Wednesday, November 2, 2011

Halloween in Vegas

Roaming the Strip and Fremont for Halloween is like being at the world's largest adult costume party.  This year I went with D-Mac and dressed as a biker, which wasn't hard to do seeing we always look like that. Taking pictures of all the best customs, dancing to the many live bands, and drinking just a little too much was all part of the fun. We saw god walking with the devil, a transformer dancing, a group of smurfs, and many things that we just didn't understand (like a man wearing a cardboard box for pants, no shirt, and a diaper on his head). Every where we went was different, and every place had contest for the best outfit. In total I think I took about 600 pictures filling my memory card. After carefully reviewing them, J-Lo insisted that this was the best costume. All of the top picks will be posted on Facebook  is you can pick your best.

Tuesday, November 1, 2011

Moving Tips: 101 Best Moving Tips

Getting Organized

  1. Start early- Almost everyone has more stuff than they think they do, and almost no one leaves enough time to pack it.
  2. Room Lists- Start by forming two room lists, one for your current place and one for your future place. This will help you manage what has to go where.
  3. Room Inventory- Go to each room and write down the types of things that need to be packed: furniture items, length of shelving, closets, etc.
  4. Time Allotment- Make sure to leave enough time. The most common timeframe reported by people moving is that it takes a month to pack. One study reported that it takes 4-5 hours to pack an average dorm room, so that should give you an idea of what’s involved.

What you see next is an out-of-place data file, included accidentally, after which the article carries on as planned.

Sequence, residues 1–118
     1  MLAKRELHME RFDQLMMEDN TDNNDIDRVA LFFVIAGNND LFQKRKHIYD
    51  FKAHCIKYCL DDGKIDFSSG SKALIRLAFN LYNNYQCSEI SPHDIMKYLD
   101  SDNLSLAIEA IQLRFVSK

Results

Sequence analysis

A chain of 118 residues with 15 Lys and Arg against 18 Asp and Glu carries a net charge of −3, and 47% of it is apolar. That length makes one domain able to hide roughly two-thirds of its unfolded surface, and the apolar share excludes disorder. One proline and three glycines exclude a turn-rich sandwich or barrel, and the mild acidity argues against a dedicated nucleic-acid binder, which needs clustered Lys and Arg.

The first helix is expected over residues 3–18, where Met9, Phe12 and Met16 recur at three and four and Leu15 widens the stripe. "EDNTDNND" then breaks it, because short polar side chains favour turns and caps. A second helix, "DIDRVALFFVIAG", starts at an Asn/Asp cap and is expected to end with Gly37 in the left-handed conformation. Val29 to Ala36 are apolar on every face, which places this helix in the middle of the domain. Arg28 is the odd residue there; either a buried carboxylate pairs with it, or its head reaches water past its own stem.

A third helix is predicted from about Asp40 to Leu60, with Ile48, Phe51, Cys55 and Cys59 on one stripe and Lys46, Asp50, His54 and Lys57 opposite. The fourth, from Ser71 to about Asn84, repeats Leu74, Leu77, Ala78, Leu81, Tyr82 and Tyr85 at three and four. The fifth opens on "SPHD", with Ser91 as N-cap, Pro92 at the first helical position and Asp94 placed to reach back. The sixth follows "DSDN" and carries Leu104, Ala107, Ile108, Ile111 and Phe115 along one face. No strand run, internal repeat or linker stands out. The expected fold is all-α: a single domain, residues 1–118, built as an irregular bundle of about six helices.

5. Calendar- Pull out a calendar and plan by day when each room will be completed.
  6. Delegation- If you’re moving with family members, agree with them exactly while tasks they will be doing and the date they will be finished.
  7. Track your progress- at least once per week track where you are against the date on the calendar. Revise your plan if you’re falling behind.

Finding Great Movers

  1. Only hire the best- If you choose to hire professional movers, do your research and hire good ones. Poor quality movers really can be worse than none at all.
  2. Referrals- Get referrals from local real estate agents and friends who have moved recently.
  3. Licensing- Only consider movers that are licensed, bonded and insured.
  4. Research- Investigate your potential movers through the U.S. Department of Transportation, MovingScam-dot-com and the Better Business Bureau.
  5. In-home estimates- Evaluate a minimum of 3 movers based on in-home estimates of goods to be moved.